To know or not to know? To lead or not to lead? Important questions and findings from a video-based professional development study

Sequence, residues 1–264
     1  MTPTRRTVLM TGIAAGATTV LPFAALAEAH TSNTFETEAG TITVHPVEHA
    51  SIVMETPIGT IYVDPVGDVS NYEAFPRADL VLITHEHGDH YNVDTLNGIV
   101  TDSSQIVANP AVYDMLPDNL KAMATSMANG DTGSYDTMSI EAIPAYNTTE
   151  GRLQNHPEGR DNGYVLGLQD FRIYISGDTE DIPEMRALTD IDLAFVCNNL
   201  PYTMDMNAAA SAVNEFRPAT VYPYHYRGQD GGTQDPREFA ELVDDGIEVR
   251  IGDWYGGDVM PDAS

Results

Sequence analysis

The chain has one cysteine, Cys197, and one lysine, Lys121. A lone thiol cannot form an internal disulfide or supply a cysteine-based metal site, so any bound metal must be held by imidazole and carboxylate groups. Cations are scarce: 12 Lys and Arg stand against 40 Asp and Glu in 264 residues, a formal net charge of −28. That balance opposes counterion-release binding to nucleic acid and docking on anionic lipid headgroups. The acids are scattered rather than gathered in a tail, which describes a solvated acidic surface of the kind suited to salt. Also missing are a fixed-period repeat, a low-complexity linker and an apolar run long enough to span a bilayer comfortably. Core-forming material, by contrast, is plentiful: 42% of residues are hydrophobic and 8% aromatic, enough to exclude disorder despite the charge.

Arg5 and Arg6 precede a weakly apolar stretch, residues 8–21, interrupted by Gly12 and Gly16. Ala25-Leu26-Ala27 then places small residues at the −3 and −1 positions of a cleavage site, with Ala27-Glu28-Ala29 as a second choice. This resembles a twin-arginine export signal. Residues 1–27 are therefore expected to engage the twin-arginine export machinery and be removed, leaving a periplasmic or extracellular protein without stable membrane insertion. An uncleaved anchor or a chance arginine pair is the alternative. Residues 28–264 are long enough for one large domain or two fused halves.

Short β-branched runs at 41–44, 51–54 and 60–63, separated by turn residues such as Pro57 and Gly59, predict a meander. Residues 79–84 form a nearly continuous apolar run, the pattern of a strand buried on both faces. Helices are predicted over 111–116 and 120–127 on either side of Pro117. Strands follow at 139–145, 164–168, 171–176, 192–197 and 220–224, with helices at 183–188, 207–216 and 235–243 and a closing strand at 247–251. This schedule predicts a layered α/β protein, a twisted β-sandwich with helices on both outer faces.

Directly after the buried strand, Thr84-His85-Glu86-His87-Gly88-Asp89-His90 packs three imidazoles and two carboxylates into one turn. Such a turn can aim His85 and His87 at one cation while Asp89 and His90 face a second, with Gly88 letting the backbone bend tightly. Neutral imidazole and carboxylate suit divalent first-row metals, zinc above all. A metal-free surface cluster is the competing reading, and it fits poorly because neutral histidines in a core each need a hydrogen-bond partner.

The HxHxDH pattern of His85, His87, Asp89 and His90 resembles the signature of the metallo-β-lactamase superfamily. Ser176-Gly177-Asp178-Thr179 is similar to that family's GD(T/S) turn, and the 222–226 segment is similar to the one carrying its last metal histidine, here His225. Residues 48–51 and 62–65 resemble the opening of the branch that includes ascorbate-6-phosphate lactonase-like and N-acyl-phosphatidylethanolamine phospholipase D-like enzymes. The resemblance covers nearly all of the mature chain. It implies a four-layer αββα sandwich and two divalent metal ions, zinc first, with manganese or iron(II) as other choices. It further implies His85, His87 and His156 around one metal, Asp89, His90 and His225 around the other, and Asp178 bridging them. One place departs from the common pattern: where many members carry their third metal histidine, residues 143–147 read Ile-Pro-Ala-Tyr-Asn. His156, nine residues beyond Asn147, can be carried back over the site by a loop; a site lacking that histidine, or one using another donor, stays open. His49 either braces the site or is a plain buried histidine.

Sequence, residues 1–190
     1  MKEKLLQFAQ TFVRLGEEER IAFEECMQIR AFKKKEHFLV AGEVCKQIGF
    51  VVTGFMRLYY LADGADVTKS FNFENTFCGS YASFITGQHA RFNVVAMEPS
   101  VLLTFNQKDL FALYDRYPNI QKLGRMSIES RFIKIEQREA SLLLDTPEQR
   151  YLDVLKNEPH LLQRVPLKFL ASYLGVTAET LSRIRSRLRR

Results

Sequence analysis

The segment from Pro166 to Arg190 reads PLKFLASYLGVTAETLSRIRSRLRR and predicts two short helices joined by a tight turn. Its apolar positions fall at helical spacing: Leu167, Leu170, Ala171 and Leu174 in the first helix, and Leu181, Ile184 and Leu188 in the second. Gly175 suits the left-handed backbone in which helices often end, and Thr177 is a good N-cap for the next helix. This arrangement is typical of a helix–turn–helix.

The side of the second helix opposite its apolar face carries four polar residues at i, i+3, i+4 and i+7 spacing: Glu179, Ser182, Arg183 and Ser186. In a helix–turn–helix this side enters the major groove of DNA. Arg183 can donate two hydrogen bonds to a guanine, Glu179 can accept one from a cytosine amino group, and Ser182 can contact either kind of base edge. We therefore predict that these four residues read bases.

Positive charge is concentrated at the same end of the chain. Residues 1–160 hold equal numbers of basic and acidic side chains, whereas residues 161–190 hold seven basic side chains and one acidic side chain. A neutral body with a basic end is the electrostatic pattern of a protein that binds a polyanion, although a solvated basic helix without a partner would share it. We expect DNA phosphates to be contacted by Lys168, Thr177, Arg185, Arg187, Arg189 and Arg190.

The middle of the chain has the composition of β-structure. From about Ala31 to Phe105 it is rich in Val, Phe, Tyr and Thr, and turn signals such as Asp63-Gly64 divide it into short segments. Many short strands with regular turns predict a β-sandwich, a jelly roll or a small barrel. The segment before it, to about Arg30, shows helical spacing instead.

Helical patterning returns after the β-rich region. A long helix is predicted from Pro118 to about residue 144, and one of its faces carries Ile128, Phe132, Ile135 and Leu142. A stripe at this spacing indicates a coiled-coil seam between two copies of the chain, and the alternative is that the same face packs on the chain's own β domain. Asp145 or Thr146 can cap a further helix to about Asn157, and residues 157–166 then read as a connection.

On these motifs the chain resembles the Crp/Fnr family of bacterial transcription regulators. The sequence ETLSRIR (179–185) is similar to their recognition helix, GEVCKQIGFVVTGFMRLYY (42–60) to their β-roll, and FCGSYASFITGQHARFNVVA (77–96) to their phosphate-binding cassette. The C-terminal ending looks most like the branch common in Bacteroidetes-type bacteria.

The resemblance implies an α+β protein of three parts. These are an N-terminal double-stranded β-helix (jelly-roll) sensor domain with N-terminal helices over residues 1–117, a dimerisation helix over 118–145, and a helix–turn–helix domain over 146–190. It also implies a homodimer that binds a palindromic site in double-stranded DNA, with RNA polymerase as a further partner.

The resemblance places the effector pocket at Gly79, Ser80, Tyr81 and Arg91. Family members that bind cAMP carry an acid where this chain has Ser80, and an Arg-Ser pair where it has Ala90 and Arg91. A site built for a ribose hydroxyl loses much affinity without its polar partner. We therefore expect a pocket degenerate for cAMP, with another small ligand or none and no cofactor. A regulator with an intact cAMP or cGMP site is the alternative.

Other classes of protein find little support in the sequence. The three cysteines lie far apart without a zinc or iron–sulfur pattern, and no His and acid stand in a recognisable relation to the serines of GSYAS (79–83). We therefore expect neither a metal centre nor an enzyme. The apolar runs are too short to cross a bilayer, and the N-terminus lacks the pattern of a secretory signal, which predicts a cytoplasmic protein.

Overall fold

Video cases and video clubs have become popular forms of teacher professional development. However, there have been few systematic investigations of designs for such programs. Two ways in which video-based professional development programs may vary include: (a) whether teachers watch video of their own and their peers’ instruction, or whether they watch “stock video” of teachers they do not know; and (b) whether discussions about video clips are led by trained facilitators or by participants themselves. In the case of video type, might teachers find more meaning in watching and discussing their own or their peers’ lessons or lessons of unknown teachers? In the case of facilitation type, can discussions led by teachers maintain the focus and depth of sessions led by trained facilitators? I will describe a study in which twelve groups of teachers were assigned to one of four professional development groups: own video-facilitator-led, own-video-teacher-led, stock-video-facilitator-led, stock-video-teacher-led. I will introduce the observational tool (the Mathematical Quality of Instruction instrument) used in the study, which provided teachers with a common language and a framework through which to view and discuss teaching. I will share the findings from the study and the implications for how teacher leaders might structure video-based professional development. I will also discuss how I am applying what I have learned through this study to working with instructors and graduate teaching assistants.